Key Question: “How much time am I going to devote to processing information?”
Become more conscious of the time you spend on gathering and processing information. Resist the temptation to check email more than once or twice a day.  Go on a news diet. Limit television to an hour or two a day. Set a time limit for research and stick to it.

Filter by Timing

Key Question: “Do I really need this information right now?”
Make a commitment to gather information on a “need-to-know” basis.  Use the instantaneous availability of the internet to your advantage.  The information you need is out there waiting for you and will be there when (and if) you ever need it.  Keep your mental clutter to a minimum.

Filter by Focus

Key Behavior: Meditation
It’s possible to reboot your mind and spirit by taking a rest from any input.  Focus within. There’s information inside of you too. Simply closing your eyes and noticing nothing but your breath for a few minutes allows your entire being an opportunity to settle down and for clarity to emerge.

Attention is the most powerful tool of the human spirit.

“Attention is the most powerful tool of the human spirit. We can enhance or augment our attention with practices like meditation and exercise, diffuse it with technologies like email and Blackberries, or alter it with pharmaceuticals. In the end, though, we are fully responsible for how we choose to use this extraordinary tool.”
~ Linda Stone, The Attention Project

How do you deal with information overload? Please share your comments.

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{ 15 comments… add one }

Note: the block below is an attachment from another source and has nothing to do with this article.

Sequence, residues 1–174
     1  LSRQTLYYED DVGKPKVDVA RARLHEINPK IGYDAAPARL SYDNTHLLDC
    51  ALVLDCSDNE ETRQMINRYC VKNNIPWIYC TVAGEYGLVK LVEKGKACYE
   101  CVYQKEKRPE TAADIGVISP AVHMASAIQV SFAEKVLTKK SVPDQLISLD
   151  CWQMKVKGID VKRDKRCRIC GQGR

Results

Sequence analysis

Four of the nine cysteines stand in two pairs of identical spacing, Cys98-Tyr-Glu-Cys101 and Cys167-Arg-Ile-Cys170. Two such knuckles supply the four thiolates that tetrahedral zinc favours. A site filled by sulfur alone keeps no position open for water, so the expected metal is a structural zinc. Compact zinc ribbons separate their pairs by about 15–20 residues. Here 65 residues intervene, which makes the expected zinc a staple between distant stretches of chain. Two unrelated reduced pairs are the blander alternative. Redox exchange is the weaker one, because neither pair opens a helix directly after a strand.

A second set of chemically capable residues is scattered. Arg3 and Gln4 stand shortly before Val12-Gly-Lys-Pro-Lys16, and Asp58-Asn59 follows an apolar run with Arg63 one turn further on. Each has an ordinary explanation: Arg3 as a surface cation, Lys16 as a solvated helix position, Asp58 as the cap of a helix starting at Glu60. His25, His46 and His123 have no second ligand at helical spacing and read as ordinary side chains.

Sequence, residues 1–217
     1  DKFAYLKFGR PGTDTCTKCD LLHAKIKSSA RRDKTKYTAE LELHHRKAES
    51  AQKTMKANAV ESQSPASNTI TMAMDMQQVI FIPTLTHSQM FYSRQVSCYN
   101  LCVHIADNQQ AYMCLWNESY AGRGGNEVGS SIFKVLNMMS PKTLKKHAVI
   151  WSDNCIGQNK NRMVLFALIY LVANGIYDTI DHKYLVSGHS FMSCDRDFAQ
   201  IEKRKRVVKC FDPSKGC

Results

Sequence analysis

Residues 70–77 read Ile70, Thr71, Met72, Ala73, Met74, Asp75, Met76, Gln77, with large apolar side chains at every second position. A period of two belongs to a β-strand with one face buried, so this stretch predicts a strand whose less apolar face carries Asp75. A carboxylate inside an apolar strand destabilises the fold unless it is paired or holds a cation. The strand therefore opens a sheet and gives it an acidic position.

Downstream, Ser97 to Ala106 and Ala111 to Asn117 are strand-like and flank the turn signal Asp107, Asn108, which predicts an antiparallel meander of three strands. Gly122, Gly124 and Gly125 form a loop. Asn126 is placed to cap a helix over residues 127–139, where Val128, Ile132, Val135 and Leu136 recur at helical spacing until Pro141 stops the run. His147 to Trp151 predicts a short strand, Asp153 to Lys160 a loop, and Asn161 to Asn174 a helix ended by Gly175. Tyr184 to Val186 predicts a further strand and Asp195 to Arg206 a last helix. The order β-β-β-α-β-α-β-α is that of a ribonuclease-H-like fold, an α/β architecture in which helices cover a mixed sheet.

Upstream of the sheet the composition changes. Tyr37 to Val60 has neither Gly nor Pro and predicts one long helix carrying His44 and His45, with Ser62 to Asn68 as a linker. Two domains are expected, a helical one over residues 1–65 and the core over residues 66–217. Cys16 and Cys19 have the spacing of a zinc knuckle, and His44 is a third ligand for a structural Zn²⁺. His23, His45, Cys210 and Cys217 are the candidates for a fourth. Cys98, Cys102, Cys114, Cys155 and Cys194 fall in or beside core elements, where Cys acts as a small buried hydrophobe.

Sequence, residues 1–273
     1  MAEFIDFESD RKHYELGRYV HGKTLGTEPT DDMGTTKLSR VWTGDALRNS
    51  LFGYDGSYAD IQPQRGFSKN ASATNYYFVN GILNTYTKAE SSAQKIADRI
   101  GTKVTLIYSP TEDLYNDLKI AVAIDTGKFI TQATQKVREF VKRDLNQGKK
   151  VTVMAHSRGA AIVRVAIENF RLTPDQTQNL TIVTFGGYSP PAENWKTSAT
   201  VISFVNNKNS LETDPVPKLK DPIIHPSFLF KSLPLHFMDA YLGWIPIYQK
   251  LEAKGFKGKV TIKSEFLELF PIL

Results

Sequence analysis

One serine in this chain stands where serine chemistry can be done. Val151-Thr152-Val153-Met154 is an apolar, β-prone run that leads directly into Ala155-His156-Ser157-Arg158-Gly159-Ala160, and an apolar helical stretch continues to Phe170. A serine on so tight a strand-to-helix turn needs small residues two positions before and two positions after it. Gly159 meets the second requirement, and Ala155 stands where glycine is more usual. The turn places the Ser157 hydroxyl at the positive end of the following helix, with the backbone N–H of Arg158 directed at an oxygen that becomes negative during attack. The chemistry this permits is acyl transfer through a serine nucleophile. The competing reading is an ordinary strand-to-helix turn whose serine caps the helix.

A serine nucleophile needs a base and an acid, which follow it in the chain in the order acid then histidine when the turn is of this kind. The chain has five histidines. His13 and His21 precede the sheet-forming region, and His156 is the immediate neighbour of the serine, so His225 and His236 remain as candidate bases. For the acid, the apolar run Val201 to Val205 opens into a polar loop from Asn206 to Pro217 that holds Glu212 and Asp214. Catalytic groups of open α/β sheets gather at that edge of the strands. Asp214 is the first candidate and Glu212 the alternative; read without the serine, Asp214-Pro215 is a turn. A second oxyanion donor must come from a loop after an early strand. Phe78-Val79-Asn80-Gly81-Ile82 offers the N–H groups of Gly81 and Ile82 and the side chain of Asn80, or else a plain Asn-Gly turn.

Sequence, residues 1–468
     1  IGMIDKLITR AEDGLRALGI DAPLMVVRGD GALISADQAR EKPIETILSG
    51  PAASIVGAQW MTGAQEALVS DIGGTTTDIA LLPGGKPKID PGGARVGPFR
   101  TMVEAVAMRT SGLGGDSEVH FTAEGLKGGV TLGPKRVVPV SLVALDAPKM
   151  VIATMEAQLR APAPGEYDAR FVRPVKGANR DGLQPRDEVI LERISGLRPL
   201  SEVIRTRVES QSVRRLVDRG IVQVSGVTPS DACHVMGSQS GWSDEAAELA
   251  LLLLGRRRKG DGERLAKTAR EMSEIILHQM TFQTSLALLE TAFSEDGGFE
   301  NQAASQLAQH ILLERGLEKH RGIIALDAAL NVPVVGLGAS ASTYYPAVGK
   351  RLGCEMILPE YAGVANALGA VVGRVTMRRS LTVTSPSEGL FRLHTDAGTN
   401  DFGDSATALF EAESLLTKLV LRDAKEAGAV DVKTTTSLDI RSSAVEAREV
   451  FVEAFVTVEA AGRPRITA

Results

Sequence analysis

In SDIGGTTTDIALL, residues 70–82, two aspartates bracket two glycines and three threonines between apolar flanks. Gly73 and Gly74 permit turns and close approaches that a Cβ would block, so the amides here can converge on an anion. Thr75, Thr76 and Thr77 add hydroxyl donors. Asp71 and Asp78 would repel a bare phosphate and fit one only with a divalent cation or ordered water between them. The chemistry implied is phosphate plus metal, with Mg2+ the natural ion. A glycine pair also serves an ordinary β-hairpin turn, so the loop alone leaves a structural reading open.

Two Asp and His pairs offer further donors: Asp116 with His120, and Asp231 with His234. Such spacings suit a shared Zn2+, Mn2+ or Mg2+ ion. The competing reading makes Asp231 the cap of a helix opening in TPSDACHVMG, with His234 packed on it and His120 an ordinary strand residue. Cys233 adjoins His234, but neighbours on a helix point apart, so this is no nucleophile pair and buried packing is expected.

• I’m glad I found your blog from Think Traffic because I wouldn’t have read this brilliant post.

    Twitter has driven me to the point where its time to unplug and re-think my “Information Consumption”

    I didn’t have a way of defining it until reading this post. Perhaps an Information Fast would be more appropriate for extreme cases like mine.

    I’m grateful for this post, as it clearly defines strategies for when, how and why to enter the echo chamber of the Internet in all its social, news and gossip forms that exists :-)
    .-= Michael Corley´s last blog ..How Google Can Help You Find Your New Townhouse Apartment in Brooklyn =-.

  • So True! I love the concept of having better filters. Usually I think of filtering what comes out, but it is even more important to filter what comes in. I canceled my cable this week and had my first day of being dairy free for at least 40 days, and I am so energized just from applying the filters!

  • Love this post Linda. I learned a lot from reading Dr. Hallowell’s Crazy Busy (http://www.drhallowell.com/crazy-busy/). Two strategies in particular I try to apply (the first is from him):

    1. gemmelsmerch (sp?): his word for things that try and grab our attention that are meaningless like ads on parking space lines, blurbs on take out coffee cups etc. My take away: just because I can read something, doesn’t mean I have to